Space Patrol is a 1950s American series that was created to deliver the same thrills to kids that Flash Gordon delivered to their parents. The stories focused on Kit Corry (and later his brother Buzz), CIC of the futuristic Space Patrol, an intergalactic police force. Each episode often featured recurring villains, such as (most famously) Prince Baccaratti. At its peak, it ran concurrently as a 15-minute weekday series, a half-hour Saturday series, and a weekly radio show, all featuring the same cast, and all transmitted live. Now that's commitment. Ran for 5 seasons (1950-1955) and a total of 1239 episodes: 210 30-minute episodes, 900 15-minute episodes and 129 radio shows.
- Anachronism Stew: The controls on the spaceship came from surplus WW2 bomber parts.
- Catchphrase: "SPAAAAAAAAAAAAACE PATROOOOOOOOOL!"
- The Chick: Carol Carlisle
- City Planet: Terra, the man-made planet (although that's more of a "Space Canberra").
- Dark Action Girl: Tonga started as a villain, but some Brainwashing for the Greater Good enabled her HeelFace Turn.
- Fantasy Counterpart Culture: Native Martians carve tiki masks, but arrange those masks into totem poles.
- Negative Space Wedgie: Episode 1, "The Hole in Space," deals with a Black Hole-like anomaly that leads to Another Dimension and uses magnetic waves, rather than gravity, to draw in spaceships. Captain Corey is able to stop it by commandeering a superconductive ring to trap it in, then fires up the ring with a like charge to the anomaly, crushing it into nothing.
- Product Placement: Like many shows of the period, the show was basically Merchandise-Driven. Thus, for two Quik lids or a tracing of the label, you could get something like a miniaturized X-RC lookalike. More notably, there was also a Space Patrol watch featured in at least one episode.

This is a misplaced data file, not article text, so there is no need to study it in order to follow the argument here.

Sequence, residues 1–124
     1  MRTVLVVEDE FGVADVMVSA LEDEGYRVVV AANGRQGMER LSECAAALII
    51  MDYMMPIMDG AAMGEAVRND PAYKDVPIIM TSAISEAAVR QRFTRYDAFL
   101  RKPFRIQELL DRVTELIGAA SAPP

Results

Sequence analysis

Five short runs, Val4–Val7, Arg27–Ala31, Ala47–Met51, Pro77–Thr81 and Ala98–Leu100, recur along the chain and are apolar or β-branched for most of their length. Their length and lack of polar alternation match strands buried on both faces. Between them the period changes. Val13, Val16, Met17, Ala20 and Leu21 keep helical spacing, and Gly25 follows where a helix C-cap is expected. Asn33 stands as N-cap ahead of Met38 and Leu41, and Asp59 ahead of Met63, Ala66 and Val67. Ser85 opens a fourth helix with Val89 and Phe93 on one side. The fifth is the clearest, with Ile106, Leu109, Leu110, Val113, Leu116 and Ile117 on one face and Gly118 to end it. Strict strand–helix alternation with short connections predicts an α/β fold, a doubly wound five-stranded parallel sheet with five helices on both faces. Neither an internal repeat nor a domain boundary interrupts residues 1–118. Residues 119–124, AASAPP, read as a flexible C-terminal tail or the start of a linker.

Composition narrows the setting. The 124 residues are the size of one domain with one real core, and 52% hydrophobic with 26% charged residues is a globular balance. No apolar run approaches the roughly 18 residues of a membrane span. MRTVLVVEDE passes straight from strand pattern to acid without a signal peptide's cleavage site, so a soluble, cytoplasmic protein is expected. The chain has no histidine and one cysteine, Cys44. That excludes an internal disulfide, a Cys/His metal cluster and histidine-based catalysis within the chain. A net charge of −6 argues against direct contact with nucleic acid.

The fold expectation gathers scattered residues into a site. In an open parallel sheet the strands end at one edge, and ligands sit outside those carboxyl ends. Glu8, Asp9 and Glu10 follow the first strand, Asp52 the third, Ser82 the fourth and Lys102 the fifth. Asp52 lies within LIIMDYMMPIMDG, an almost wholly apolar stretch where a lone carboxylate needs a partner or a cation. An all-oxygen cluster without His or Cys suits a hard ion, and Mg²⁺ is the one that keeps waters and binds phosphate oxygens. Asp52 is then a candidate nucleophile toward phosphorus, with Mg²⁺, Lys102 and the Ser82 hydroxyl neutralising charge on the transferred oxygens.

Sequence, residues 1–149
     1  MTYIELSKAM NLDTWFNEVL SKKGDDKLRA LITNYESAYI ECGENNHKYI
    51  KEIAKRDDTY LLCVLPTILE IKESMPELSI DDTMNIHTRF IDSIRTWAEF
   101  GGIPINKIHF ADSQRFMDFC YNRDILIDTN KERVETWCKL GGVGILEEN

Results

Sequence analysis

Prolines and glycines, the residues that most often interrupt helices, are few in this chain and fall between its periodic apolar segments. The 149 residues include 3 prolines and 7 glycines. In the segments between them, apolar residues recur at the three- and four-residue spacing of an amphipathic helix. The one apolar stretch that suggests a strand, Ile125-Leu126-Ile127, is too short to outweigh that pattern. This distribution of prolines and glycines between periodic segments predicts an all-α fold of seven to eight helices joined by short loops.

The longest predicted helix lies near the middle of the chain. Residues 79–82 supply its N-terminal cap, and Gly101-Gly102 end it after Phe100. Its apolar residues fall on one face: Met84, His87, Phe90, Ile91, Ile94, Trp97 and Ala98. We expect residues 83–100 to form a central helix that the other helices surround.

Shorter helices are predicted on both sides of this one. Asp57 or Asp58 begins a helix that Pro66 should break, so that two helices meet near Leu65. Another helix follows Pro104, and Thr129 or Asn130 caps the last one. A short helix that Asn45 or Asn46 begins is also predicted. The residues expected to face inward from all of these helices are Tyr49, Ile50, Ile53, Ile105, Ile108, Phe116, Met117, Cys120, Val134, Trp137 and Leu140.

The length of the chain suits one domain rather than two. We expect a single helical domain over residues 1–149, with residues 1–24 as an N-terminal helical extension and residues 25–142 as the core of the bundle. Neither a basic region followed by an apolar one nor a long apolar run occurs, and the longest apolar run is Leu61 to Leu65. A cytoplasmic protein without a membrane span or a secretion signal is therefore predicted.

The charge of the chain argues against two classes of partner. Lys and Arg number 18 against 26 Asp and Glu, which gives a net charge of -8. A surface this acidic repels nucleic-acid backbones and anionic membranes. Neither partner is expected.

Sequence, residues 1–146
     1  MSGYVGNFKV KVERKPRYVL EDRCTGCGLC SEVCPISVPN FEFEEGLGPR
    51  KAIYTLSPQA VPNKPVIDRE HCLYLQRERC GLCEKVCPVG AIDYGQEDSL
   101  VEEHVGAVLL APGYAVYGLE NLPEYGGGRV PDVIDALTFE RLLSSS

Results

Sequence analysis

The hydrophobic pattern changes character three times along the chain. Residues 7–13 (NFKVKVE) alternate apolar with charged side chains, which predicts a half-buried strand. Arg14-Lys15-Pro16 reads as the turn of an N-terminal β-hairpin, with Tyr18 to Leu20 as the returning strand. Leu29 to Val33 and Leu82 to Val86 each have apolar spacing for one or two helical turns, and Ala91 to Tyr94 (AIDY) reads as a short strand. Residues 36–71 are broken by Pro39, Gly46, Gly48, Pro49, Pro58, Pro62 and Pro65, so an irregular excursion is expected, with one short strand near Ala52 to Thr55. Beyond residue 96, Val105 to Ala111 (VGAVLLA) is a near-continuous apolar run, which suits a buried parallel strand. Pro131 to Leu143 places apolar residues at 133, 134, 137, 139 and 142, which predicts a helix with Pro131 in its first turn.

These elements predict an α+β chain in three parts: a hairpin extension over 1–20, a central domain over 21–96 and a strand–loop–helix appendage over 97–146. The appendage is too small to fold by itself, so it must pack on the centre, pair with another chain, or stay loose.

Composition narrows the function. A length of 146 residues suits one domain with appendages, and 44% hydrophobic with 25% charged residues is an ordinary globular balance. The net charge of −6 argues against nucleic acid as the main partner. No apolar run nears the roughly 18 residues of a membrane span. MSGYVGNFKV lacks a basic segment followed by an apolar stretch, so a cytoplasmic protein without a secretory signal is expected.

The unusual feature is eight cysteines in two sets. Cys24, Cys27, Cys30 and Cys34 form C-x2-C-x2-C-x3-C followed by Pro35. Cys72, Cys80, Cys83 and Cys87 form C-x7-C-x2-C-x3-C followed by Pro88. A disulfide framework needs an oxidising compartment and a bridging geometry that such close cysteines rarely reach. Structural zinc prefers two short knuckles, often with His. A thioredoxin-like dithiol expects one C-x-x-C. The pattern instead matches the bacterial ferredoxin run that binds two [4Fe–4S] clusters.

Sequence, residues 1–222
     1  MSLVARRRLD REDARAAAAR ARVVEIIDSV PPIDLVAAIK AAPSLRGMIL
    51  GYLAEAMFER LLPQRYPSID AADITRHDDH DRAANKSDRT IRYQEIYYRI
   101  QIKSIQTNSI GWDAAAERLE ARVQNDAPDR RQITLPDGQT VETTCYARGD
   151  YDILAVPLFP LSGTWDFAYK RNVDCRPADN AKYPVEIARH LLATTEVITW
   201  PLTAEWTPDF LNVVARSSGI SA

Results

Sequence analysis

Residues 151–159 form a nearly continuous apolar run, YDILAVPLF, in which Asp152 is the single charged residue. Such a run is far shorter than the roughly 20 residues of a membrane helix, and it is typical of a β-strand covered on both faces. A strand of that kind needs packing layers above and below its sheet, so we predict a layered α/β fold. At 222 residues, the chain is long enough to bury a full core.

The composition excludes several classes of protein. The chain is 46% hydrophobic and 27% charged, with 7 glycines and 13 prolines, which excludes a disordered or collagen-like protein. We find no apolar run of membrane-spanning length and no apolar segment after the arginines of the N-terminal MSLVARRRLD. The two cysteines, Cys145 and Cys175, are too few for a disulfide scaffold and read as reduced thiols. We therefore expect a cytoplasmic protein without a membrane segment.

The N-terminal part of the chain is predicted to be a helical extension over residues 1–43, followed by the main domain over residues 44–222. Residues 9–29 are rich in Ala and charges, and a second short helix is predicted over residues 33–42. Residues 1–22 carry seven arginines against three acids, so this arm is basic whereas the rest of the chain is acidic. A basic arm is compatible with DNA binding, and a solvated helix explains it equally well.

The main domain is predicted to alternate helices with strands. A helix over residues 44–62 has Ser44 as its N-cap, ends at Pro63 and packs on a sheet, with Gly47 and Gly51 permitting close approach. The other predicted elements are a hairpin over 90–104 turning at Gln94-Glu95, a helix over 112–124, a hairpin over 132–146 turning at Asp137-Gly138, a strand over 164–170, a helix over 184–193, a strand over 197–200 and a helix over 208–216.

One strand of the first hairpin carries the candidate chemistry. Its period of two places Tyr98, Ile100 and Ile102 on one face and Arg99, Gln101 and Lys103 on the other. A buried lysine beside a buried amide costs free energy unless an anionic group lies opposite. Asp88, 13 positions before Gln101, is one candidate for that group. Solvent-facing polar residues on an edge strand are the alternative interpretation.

- Retro Rocket: The Terra IV (aka the Ralston Rocket).
- Sci-Fi Writers Have No Sense of Scale: In one episode, Cadet Happy is absolutely astounded by the size of the Solar System. Buzz and Carol bring him back down by reminding him that there are a lot of stars in the Milky Way, with our sun being only one of them. To be fair, this was a 1950s show aimed at children (who might not understand the concept of big distances), but it seems unrealistic for someone who was born in the 30th century, with interstellar travel being commonplace, to be astounded by this.
- Space Cadet: Cadet Happy, although he was more like some sort of 2IC. Some of the Chex commercials, however, followed this trope a little better, with kids dreaming about being on the Space Patrol.
- Space Police: The Space Patrol.
- Subspace Ansible:The Space-O-Phone.
- Three-Dimensional Episode: The first ever 3D television broadcast in the United States was conducted on April 29, 1953 with a special edition of the show. Polarizing technology was used to achieve 3D in black-and-white. This, however, required purchasing special expensive TV sets at a time when many had just bought their first-ever TV, which meant that one-off broadcast was pretty much it for 3D TV until the broadcasting of red/cyan anaglyph 3D onto regular color sets was made possible during the 1980s.
- Unrealistic Black Hole: The very first episode of the radio play series dealt with a black hole that ate a SP ship. They're still able to get a radio signal out.